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The Ten Elements:  
  1. Your motivation  
  2. Your vision  
  3. Stakeholders  
  4. Impact Map  
  5. Your indicators  
  6. Make a plan  
  7. Collect data  
  8. Analyse information  
  9. Share information  
  10. Learning & Action  
Case study: The Surf Centre  
5. Your Indicators

Choose your indicators wisely

Indicators are an effective way to help you answer the question ‘how do we know?’.

Once you have decided how to bring about change (e.g. by using the Impact Map), you can ask yourself how do you know:

That the activities have happened?
That they have created the immediate results you intended?
That they are leading to longer-term change?
That these longer-term changes will help you to reach your mission in the broader sense?

‘How do we know?’ What evidence there is to show that the expected changes are happening in reality, either on the social/environmental/economic side or on the business side. Use this question as a way to link the columns together in a chain of cause-and-effect relationships.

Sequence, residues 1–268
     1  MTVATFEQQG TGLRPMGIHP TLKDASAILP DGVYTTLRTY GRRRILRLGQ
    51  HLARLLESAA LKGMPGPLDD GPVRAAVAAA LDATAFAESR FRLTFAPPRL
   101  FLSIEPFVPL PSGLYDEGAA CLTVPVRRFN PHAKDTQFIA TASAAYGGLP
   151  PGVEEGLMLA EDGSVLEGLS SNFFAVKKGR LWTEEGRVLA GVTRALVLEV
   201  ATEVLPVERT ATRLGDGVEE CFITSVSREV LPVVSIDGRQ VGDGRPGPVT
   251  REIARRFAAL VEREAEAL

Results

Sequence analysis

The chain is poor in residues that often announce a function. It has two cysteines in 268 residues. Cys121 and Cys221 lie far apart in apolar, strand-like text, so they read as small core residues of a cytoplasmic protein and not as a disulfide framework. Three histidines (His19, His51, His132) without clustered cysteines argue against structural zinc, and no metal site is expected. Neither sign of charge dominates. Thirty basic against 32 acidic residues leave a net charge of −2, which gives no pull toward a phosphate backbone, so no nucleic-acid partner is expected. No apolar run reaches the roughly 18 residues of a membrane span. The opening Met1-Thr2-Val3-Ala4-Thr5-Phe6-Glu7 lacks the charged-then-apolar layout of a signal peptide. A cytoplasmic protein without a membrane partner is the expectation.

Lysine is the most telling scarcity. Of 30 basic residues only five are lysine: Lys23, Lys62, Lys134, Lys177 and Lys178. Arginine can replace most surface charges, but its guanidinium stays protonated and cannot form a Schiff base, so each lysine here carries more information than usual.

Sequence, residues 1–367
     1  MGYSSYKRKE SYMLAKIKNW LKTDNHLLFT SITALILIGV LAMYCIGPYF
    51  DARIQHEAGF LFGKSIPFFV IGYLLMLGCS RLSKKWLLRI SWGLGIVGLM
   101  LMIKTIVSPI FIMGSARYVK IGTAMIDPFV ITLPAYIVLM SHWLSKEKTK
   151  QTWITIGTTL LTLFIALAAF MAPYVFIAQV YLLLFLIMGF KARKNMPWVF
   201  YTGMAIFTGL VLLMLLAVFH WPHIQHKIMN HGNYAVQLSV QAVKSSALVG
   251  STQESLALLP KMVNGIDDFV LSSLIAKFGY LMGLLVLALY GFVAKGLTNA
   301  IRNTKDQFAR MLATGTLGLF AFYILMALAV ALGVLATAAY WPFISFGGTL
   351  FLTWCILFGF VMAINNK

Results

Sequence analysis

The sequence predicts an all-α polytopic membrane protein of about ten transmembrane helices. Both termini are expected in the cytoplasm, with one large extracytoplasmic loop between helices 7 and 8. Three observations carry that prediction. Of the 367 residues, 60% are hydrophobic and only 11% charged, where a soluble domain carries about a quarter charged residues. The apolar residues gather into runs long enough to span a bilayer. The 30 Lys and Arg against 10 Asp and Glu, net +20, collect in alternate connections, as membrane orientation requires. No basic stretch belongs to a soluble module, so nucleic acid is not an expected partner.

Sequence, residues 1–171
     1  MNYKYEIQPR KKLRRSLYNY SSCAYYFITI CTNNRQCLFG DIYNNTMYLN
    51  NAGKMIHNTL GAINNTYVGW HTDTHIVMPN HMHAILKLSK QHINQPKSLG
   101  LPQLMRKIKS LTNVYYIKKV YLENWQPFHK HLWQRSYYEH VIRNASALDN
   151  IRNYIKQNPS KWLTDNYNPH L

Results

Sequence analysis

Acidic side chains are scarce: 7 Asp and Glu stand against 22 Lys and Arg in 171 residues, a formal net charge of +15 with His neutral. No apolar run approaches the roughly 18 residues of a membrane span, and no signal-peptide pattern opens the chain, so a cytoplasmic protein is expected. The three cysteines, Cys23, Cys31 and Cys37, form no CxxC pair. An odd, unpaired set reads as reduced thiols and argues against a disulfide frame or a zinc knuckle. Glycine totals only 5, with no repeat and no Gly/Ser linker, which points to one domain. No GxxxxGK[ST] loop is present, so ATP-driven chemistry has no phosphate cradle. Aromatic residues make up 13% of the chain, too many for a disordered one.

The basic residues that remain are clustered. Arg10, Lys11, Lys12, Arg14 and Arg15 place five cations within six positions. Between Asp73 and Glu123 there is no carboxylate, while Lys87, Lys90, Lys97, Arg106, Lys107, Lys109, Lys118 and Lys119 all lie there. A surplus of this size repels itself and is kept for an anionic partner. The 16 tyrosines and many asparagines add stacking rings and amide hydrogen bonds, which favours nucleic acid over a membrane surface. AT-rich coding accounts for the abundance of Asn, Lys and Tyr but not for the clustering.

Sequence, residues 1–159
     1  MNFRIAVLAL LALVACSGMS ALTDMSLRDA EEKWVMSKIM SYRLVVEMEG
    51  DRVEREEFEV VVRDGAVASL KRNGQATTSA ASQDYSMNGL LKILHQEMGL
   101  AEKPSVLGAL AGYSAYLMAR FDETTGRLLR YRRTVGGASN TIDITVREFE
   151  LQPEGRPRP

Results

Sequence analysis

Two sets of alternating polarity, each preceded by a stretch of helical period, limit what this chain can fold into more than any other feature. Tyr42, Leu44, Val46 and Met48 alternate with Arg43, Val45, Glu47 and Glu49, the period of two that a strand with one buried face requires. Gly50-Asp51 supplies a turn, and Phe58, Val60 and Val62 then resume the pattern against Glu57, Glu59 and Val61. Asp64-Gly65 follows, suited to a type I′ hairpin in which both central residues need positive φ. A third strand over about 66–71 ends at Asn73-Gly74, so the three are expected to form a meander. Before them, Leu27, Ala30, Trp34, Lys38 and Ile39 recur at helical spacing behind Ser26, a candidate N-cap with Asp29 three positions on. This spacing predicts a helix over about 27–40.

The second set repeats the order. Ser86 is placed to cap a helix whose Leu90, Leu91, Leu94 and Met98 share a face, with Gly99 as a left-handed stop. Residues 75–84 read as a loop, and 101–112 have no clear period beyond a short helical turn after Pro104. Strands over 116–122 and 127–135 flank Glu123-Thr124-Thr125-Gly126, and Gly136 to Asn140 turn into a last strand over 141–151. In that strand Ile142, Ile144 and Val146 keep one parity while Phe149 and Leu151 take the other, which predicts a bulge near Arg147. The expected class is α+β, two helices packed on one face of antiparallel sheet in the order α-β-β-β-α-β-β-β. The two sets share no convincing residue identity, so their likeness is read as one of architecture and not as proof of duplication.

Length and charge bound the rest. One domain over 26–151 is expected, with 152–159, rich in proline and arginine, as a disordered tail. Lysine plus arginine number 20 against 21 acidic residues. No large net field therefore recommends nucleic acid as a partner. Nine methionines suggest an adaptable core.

What happened for you?’ This is another way of linking activities to their outputs, and outputs to the longer-term outcomes. Asking each stakeholder ‘what happened for you’ as a result of the organisation’s activities helps you to find out the expected and unexpected short-term and longer-term results of an activity.

By asking these two questions you will start to uncover the assumptions you are making about cause and effect – and develop indicators of your outcomes and impacts. Developing and measuring indicators can help you to discover whether and how your activities use the resources you have in creating the most effective outputs and outcomes, and whether any negative outcomes result from your work.

Case Study - The Surf Centre’s Indicators